Tournament officials insist Winged Foot will present a fair challenge for the world's best players in the 120th US Open.
Australia's Geoff Ogilvy shot five over par to win the last US Open at the venue in 2006, while American Hale Irwin was seven over in surviving the so-called "Massacre at Winged Foot" in 1974.
The United States Golf Association has come in for severe criticism in recent years for their course set-up, but the reaction from the players so far has been positive.
"It's a fabulous US Open venue and requires every facet of a player's game to be clicking at the highest level," John Bodenhamer, senior managing director of championships for the USGA, said.
"The set-up you'll see this week reflects the challenge this golf course presents. We will let Winged Foot be Winged Foot.
"And if you come here next September or if you were here last September, you'll see Winged Foot just about the same way as will the players this week."
USGA chief executive Mike Davis added: "I think that looking back during the set-up in 2006, and I suspect that's probably what we'll do this week, we kept looking at ways (of) how do we make the golf course a little bit easier because it's such a great test. It puts the premium on everything.
"The players haven't put a pencil in their hand yet, so we'll wait and see. And when you think about some of the greatest US Open players of all time - Bob Jones, Ben Hogan, Jack Nicklaus, Tiger Woods - you never heard them complain.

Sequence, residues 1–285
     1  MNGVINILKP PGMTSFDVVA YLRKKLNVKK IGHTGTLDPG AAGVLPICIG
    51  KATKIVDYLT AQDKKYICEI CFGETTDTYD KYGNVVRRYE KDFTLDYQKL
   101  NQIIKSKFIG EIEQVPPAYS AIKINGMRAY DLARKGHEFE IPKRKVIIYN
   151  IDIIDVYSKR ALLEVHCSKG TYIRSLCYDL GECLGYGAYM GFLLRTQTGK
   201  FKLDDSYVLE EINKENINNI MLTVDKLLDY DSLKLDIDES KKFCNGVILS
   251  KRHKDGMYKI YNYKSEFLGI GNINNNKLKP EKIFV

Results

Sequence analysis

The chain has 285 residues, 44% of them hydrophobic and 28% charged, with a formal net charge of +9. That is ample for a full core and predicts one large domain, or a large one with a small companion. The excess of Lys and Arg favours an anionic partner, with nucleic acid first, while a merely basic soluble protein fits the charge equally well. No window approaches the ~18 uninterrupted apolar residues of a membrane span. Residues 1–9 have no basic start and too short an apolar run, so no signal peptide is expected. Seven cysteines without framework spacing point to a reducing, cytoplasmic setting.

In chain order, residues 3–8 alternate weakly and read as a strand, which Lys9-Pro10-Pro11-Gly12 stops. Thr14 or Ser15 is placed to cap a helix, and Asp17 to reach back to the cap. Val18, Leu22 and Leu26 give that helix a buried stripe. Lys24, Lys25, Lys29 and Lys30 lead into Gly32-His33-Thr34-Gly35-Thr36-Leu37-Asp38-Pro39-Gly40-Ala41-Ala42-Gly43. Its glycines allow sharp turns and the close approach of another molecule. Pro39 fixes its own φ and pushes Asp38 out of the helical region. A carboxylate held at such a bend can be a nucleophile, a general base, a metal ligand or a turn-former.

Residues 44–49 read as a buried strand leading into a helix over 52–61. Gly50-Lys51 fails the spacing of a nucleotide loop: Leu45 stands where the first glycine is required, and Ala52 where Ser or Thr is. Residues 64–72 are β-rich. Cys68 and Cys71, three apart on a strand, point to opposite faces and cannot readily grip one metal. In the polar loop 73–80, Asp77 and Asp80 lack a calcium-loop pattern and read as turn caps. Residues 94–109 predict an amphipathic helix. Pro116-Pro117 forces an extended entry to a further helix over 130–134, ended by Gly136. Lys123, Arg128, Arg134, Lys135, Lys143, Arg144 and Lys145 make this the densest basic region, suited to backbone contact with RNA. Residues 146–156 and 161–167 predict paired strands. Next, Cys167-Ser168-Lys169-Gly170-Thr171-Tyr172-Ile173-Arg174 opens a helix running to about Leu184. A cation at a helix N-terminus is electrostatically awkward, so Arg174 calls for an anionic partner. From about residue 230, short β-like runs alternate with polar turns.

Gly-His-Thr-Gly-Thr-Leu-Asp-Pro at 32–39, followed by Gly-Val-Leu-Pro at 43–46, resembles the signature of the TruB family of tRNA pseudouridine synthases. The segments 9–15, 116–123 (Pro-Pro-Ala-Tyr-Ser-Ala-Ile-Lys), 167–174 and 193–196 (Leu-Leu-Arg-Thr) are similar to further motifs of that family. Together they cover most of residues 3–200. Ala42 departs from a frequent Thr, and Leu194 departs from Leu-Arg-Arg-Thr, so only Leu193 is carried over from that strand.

"They accepted the challenge. They knew when others were complaining, it gave them an advantage.
"Part of the lore of a US Open is it's a very tough golf course, hopefully set up in a fair but a stern manner, and we are just poised for a wonderful week here at Winged Foot."
Originally due to be held in June, the US Open was pushed back to September due to the coronavirus and Davis admitted that a change of venue was seriously considered, especially with Winged Foot located in a Covid-19 hotspot during the early days of the pandemic.
"We thought we were going to be playing the US Open in December in Los Angeles. We were that close," Davis said.
"It really wasn't until the day before we went public with the schedule (in April) that we realised that the R&A's Open (Championship) across the pond couldn't be played in September, which gave us an opportunity to play in September at this wonderful, storied golf course."